Vomit-inducing sprints, distance runs, burpies, squats, press ups, and sit ups were our staple diet, as the managers would look on in disbelief at the ghosts of former athletes that they saw before them. A bag of footballs would always appear pitch side, but would remain unopened the whole time, taunting us. From struggling around a dimly lit Pairc de Burca to scaling the heights of Killiney Hill, each venue seemed to hold the same chilling characteristics. The rain, the wind, the mud, the cold, the soggy gloves, the drenched boots, the frozen cheeks, the blue lips, and the agony of 'only twenty more minutes to go lads' (which really meant thirty). Each gut-busting sprint would be completed with a desperate prayer that pity would be taken on us, and that the next one would be the last. When a session finally ended, the brief feeling of relief would soon be replaced with depression and the distressing reality that another potentially more gruesome event was only another day away.
As tough and as painful as those pre-season sessions were, they were a tormenting tradition that I've always had in my life and that I grew to enjoy in a strange way, even if I cursed them at the time. My brother Ronan, who is almost a New York native at this stage, agrees and even speaks fondly of the countless times he was run into the hallowed Glenalbyn turf. There is something about going through it all as part of a team, something about the satisfaction when the final run is done, something about knowing that you've pushed yourself to the limit, and something about the collective cloud of steam that rises from an exhausted team huddle, that can't be replicated.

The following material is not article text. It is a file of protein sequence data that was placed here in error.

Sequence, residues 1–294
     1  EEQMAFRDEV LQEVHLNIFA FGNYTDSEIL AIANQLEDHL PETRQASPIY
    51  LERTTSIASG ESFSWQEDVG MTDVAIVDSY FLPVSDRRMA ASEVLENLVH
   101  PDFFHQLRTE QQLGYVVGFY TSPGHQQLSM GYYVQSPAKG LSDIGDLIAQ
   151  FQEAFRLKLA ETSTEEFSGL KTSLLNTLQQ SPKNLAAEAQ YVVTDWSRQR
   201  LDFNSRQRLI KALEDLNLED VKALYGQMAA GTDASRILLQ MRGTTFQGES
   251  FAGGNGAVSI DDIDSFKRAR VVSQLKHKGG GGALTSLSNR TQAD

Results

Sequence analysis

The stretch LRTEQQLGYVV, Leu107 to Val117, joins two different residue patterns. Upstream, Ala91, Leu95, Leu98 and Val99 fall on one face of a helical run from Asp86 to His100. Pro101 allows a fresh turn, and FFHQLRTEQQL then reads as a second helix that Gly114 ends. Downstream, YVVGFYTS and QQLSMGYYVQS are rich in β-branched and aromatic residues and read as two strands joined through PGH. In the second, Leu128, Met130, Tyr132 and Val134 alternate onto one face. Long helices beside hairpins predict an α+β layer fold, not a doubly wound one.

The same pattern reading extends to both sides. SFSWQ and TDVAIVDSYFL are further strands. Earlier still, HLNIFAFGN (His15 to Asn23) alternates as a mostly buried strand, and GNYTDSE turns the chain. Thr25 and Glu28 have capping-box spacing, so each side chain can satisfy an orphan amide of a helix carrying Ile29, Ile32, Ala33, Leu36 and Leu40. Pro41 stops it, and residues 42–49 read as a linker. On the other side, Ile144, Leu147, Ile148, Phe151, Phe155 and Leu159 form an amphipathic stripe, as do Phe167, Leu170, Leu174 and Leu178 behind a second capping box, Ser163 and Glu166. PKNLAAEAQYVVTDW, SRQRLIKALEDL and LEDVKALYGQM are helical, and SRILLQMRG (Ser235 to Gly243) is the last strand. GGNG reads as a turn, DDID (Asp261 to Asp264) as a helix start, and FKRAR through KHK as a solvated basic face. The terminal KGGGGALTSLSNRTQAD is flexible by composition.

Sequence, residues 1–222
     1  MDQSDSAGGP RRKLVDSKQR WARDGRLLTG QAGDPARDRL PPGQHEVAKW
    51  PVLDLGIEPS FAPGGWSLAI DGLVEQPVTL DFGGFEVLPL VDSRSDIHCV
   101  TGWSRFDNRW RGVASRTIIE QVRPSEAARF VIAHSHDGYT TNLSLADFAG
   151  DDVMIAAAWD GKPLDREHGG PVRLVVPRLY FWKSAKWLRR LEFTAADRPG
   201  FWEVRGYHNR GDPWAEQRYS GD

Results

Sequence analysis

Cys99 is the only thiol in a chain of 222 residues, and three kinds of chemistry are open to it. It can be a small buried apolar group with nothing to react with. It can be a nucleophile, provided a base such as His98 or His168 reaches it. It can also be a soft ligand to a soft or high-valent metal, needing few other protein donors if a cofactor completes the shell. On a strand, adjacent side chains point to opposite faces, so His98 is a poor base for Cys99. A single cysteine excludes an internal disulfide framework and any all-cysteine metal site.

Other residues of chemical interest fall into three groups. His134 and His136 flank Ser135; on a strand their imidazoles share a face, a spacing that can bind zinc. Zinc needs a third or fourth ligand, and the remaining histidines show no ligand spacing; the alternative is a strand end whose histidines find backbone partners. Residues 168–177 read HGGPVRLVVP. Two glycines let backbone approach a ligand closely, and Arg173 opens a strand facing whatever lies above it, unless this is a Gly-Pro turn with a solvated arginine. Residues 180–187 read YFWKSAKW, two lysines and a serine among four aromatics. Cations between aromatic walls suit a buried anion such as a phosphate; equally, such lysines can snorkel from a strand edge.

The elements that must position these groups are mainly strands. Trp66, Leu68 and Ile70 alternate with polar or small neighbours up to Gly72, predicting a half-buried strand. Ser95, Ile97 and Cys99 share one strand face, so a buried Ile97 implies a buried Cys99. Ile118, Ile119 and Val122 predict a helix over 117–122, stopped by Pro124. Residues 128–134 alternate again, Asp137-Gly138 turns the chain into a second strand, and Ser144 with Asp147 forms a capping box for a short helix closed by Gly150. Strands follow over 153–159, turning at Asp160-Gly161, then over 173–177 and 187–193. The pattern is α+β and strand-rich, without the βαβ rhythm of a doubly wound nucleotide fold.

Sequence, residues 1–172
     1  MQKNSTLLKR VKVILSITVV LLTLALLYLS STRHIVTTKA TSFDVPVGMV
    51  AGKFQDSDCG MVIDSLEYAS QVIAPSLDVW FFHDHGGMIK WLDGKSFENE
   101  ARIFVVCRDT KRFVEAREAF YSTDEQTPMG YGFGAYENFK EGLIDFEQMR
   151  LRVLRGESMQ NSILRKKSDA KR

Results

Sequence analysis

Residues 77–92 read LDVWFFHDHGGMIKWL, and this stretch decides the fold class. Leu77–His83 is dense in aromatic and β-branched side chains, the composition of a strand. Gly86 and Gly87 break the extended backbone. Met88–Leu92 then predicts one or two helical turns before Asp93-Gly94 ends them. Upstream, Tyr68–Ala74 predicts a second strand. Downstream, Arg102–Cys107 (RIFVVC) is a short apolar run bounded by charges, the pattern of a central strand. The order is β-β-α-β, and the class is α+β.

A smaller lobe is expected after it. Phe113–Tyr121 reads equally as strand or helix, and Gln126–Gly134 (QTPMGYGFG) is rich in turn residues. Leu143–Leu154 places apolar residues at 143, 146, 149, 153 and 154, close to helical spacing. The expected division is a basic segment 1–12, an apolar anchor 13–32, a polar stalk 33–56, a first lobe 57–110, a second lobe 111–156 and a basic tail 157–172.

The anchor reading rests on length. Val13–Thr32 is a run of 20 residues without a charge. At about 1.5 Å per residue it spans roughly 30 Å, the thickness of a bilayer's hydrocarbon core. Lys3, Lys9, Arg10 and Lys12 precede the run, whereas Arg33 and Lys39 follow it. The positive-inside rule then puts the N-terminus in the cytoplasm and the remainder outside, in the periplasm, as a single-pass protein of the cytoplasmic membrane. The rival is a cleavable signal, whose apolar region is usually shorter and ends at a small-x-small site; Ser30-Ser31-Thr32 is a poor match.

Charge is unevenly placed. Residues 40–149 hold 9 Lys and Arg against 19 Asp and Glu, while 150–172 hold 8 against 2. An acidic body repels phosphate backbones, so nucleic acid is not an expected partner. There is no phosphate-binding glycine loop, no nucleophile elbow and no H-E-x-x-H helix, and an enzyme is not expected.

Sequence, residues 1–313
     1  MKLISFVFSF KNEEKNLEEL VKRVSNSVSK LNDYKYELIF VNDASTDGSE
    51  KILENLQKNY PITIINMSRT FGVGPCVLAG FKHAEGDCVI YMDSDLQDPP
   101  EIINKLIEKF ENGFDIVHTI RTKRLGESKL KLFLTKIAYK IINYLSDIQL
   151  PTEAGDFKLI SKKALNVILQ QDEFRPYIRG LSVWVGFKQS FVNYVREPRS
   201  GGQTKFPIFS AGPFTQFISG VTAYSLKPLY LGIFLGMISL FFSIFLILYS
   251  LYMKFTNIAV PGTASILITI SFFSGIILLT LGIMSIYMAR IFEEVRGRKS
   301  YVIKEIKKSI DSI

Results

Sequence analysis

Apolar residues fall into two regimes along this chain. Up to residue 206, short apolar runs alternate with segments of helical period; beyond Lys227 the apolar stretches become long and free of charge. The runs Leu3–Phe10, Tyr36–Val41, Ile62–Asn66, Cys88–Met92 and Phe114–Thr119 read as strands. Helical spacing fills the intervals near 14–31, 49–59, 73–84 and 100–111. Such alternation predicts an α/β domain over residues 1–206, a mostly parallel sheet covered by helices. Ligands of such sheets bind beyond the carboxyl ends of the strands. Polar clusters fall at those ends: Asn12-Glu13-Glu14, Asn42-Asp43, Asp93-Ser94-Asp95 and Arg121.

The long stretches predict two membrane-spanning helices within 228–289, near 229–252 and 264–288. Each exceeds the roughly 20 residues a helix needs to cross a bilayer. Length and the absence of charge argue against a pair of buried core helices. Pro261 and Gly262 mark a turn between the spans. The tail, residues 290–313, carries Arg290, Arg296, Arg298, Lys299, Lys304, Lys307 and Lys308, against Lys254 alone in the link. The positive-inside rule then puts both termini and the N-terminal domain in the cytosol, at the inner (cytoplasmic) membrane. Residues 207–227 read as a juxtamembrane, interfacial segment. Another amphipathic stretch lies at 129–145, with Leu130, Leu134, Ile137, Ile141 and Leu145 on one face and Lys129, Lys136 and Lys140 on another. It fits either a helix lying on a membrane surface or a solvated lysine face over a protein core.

That's not to say that I haven't tried to create my own pre-season ritual in my local Bushwick gym. Donning a pair of embarrassingly small Kilmacud Crokes shorts, I cut a pale and probably amusing figure, jogging on the treadmill amongst my effortlessly cool Black and Puerto Rican neighbours. However, I've come up against one major issue. Apart from the obvious problem of the minus15 degree temperatures outside, the key issue is sourcing my motivation. I've realised that my motivation to get through pre-season came primarily from my desire to beat the Barry Brennan's and Chris Carolan's of this world and maintain bragging rights, or from the threats of violence from my manager. Threats of violence from the locals at the gym just don't have the same effect on me, and are probably a serious cause for concern.
In any case, pre-season training is one thing I never thought that I would miss. I guess you don't know what you've got 'til it's gone. So, as I sit in my warm Brooklyn apartment, with my feet up, a takeaway in hand, and the American football on, I spare a thought for all of my Kilmacud Crokes compatriots who are in the midst of performing this yearly ritual - the lucky things. If I could be there with them right now I would'¦probably.
There's always next year!